Ending the old myths

November 9, 2007

Books about ageing are coming thick and fast as the implications of an ageing population become evident. Many are for academics, while others aim for a popular audience. This book attempts to reach both.

The publishers claim that the author "dispels ignorance by explaining in non-technical language the reasons for ageing and the myth of excessive prolongations of life. He writes in an engaging style ... appealing to the general public and scientists alike". The book comes with tributes from an impressive range of famous names including one Nobel laureate.

This work is clearly divided into two. Apart from the first chapter, which deals with longevity and contains a lot of useful demographic information, chapters two to nine are primarily biological. The attractively titled chapters, ranging from "maintenance of the body" to "myths of life extension", cover the key biological facts and issues that one would expect in a biology book, helped by a glossary of terms.

The core of Robin Holliday's argument is that, until recently, ageing remained something of a biological mystery. He argues that ageing is no longer an unsolved problem.

He starts by dismissing the myth that longevity will be much extended. He then presents a fascinating discussion about different parts of the body, describing both renewable and non-renewable structures. This is followed by a discussion of the importance of maintenance by various mechanisms such as DNA repair, the immune system and wound healing. Ageing is seen as having multiple causes that have a knock-on effect. Other chapters deal with ageing in different kinds of mammals, the importance of genes and the evolution of human longevity.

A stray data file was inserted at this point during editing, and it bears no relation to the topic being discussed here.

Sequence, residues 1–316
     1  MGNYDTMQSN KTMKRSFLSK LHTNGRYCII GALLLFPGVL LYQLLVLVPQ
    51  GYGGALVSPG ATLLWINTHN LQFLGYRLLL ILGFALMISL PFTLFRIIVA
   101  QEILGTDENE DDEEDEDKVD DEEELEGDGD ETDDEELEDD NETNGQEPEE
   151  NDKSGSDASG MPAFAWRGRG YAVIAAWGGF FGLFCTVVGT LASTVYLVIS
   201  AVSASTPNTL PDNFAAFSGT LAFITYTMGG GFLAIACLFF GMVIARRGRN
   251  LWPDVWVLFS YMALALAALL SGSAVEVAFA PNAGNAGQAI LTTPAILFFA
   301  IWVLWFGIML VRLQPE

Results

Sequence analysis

Holliday claims that there are many myths around ageing, and that for some it is still regarded as an illness that can be cured. For others, especially the gullible public, he summarises and dismisses the various quests for immortality, including freezing dead bodies and various "life- extension" products such as so-called health foods. A basic problem, he says, is the belief that life extension will be possible in the future. This puts its faith in rejuvenation, regeneration and stem-cell technology.

The rest of the book consists of a stimulating discussion about the implications of an ageing population. Particularly interesting is the one on the "doctor's dilemma", which contains a salutary quotation from 1942.

In this, a geriatrician, Edward Stieglitz, describes not only the well- known problems of ageing but also claims that for older people "many are well and capable of continued productive and creative effort if given opportunity to work within their capacities". As the author says, this is even more relevant and true today.

The conclusion of the book is that one of the main causes of ageing is the inability to replace cells in such vital organs as the heart and the brain. Holliday argues that we need to know a lot more about the reasons for the eventual failure of the maintenance of non-replaceable parts of the body.

He also argues that we would do best to accept the fact of mortality and make the most of the time we enjoy in good health. He concludes that society needs to accept the reality of death and to concentrate on other things, such as the transmission of knowledge and experience to the next generation.

Would I recommend this book to students? Yes, although much of it is not as new as the publishers would suggest. Would I recommend it to a layperson? Again, yes. However, it is neither purely an academic book nor simply a book for those with little knowledge of the subject, but it is a good read.

Anthea Tinker is professor of social gerontology, King's College London.

Aging: The Paradox of Life - Why We Age

Author - Robin Holliday
Publisher - Springer
Pages - 134
Price - £24.50
ISBN - 9781402056406

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